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Many articles and websites write about the importance of lean muscle mass. It is important, but why? Your muscles provide may functions: just about all body movement, from walking to nodding your head, is caused by skeletal muscle contraction. Your skeletal muscles function almost continuously to maintain your posture, making one tiny adjustment after another to keep your body upright. Skeletal muscle is also important for holding your bones in the correct position and is essential for strong, stable joints. Muscles store fuel too, and along with the liver make up most of our energy stores.
Important bit: they also play a large part in defining how much energy we need to function, hence they play a vital role in weight loss and maintenance. They are, as mentioned above, functioning continuously, therefore the more we have and the more toned they are, the more fuel we will need all day, every day. As weight loss depends on someone expending more energy than they are taking in, energy used becomes an important part of the weight loss equation; the more the merrier. Although cardio-vascular exercise will burn lots of calories when you are doing it and for a short time afterwards (depending on the intensity of exercise), it won’t increase calorie output all the time. Strength training, however, will! Increasing the tone and amount of muscle we have is like replacing A 1.2 engine in a car with a 2 litre. And that 2 litre is going all the time. It needs more fuel. Combined with sensible eating lean muscle will lead to sustained weight loss that stays off.
Correspondingly, loss of lean muscle will depress the metabolic rate – the amount of fuel we need to function. This explains why crash diets look great on the scales but don’t last. Although you will lose fat, you will also lose muscle. There is weight loss, but after the diet you now need less calories than before, so a return to normal eating will lead to unavoidable weight gain.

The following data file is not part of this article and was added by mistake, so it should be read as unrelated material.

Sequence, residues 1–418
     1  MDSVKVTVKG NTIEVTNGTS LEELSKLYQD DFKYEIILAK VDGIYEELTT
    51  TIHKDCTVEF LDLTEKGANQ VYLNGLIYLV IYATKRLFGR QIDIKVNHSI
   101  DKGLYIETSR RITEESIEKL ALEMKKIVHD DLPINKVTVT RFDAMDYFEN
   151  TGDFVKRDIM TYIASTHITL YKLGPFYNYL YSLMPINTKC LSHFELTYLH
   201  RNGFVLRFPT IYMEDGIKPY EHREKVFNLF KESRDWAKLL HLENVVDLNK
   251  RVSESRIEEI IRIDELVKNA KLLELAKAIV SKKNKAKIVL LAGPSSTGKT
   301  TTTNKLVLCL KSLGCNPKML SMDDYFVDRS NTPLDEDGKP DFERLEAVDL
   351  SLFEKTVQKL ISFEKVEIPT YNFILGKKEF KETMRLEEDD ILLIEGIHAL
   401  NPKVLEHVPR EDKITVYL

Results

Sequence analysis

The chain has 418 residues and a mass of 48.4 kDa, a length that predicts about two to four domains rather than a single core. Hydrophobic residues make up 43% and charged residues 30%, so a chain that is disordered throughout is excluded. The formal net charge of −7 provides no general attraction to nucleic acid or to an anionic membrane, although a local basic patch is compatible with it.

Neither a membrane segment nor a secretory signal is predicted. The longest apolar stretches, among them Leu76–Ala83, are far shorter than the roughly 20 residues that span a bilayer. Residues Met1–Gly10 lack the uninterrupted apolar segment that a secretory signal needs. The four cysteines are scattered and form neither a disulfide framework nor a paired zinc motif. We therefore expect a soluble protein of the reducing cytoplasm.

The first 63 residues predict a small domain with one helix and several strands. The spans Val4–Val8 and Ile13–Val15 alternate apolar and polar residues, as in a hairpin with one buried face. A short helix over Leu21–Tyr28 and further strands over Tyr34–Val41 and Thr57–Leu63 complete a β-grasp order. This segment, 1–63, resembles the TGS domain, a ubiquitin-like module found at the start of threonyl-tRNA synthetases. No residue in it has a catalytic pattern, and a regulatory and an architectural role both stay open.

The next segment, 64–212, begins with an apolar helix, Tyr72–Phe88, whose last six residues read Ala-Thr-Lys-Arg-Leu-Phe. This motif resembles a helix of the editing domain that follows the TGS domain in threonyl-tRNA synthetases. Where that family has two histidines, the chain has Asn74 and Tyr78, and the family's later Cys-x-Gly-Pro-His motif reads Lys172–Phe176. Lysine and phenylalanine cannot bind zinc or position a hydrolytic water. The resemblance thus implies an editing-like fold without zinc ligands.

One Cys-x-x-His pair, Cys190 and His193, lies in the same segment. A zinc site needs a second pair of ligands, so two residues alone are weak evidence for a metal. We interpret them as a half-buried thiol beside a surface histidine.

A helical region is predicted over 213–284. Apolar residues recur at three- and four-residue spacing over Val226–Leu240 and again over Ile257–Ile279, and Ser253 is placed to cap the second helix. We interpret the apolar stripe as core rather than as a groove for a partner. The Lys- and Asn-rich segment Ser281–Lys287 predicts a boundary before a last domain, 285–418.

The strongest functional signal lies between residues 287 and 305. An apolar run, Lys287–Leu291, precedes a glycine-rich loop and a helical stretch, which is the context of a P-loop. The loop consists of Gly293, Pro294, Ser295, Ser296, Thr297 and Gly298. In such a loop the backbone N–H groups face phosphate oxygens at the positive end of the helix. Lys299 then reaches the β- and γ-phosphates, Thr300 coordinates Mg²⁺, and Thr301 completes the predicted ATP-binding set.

We also lose lean muscle as we age; from the age of 30 this can be up to 1lb a year. This explains why it gets harder to maintain weight as we get older. Our engine (lean muscle) is getting smaller, so we actually need less fuel!
The good news is that unlike most symptom of ageing, you can keep or even increase lean muscle as you get older through strength training. And as a lady you don’t have to be muscly, just toned and strong. A recent study into strength training by the University of Pittsburgh showed that adults in their 70s and 80s who did strength training had nearly the same muscle mass as someone in their 40s.
All our courses at Diets Don’t Work include strength training, and you are never too old to start. Our 50plus training gets great success too – http://www.dietsdontwork.co.uk/services/50plus-fitness
Yesterday, the 9th of January, was the day on which, statistically, 3 out of 4 people gave up on their New Year’s resolution. Here are some tips on how to stick with it this year.